Emily Mitnick has been living the (professional) dream for the last 11 months. With her time on Remote Year is coming to end, she made the conscious decision to pack in as much as possible during months nine, 10 and 11. And, as Emily explains below, she managed to change a few people’s lives – and, indeed, her own – along the way. Before she says “see you later” to her travelling crew, she took some time to talk about the last quarter of her once-in-a-lifetime lap around the sun and the world.
It probably seems like ages ago now, but you spent April in Lima. How was it?
“Admittedly, I was a bit underwhelmed when I first dropped my bags down in Lima. Perhaps it was the grey skies, aggressive taxi drivers or the realisation that we were more than halfway through our year-long journey. There was a stark difference from the prior two months and the colourful pulse of Argentina, which I loved so much. But I was quickly proven wrong, which is what I love so much about travel: when we release our judgement, are patient and keep an open mind, we can find beauty in people and places. You just have to give them a chance.
“Lima is a city to turn to for inspiration. She’s funky and artistic, filled with live music and art festivals tucked away in hidden venues. She offers sprawling seaside views and spectacular sunsets. And the Peruvian people – they’re so kind. Many locals might have minimal material belongings, but they’re always laughing over a beer and ceviche at noon. They are simply happy – and it’s beautiful to witness.
“Peru is also an incredibly active place, bringing to life our Active Lives Macro trend. Consumers want to put down their cell phones, get outside, take more risks and feel alive again – and I did just that. I tried paratriking for the first time – an extreme sport where you sit in a little go-kart attached to a motor, and take flight into the clouds, over the sea. It was exhilarating, to say the least. We surfed in the mornings before the work day. Everyone in our group took trips to Machu Picchu throughout the month, and I personally completed a gruelling four-day trek with three friends. It proved to be one of the most emotionally and physically challenging hikes of my life – followed by the most fulfilling appreciation for this beautiful planet, and beautiful Remote Year.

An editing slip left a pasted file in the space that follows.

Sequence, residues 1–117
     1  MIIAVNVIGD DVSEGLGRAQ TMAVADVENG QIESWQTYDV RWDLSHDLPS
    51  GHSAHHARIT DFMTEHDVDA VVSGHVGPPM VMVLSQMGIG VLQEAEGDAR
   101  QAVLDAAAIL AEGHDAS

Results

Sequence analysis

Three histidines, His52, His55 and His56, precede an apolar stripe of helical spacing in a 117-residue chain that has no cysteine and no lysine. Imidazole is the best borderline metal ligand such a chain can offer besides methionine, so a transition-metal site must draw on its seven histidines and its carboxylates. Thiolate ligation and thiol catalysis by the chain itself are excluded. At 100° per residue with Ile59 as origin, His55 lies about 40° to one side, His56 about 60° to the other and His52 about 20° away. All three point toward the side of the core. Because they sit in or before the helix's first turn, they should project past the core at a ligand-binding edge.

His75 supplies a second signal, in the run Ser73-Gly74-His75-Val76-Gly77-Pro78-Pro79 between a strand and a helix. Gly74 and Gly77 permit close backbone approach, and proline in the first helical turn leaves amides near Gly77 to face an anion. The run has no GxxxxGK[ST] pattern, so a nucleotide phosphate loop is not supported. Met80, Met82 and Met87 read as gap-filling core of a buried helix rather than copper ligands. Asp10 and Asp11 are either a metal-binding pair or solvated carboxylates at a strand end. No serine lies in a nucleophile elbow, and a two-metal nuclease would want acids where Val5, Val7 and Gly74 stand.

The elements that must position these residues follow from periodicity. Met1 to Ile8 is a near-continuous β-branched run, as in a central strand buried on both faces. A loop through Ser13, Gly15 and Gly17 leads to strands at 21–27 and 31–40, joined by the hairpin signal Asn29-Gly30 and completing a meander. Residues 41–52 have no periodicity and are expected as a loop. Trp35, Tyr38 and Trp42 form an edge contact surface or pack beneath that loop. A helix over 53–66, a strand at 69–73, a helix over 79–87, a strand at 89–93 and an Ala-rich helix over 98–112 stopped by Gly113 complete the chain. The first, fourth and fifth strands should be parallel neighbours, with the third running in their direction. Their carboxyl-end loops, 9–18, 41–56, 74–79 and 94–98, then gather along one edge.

“Peru truly left a spiritual mark on me. I had a lot of quiet time to myself to reflect on my personal and professional experience this year. It was when I thought, ‘I’ve really gotten a hang of this remote work/life balance thing.’”
In May you moved to Medellin, Colombia’s second-largest city. What was it like?
“Medellin is an edgy, cultural city that, not so long ago, Time called ‘the most dangerous on Earth’. Today it’s safe, as long as you keep your city smarts about you. While we were there, a gang outbreak in Comuna 13, Colombia’s most notorious neighbourhood, kept us from a graffiti tour, but the incident was quickly cleared up and we were soon touring the vibrant, colourful streets. You can tell the Colombians are excited, and more than ready, to tell you about their country and its shift from a darker past. Similar to Chiang Mai, Medellin has a huge expat scene and is filled with digital-nomad friendly shared workspaces and lovely cafes. And coffee.”
Ah, of course. Presumably it tastes better in its true home?
“It’s like fuel. I don’t know what they put in their coffee, but it has a unique kick. Forget all this brain food we’ve been tracking at Stylus – just seek out authentic Colombian coffee. Trust me, you’ll kill every deadline, goal and meeting.”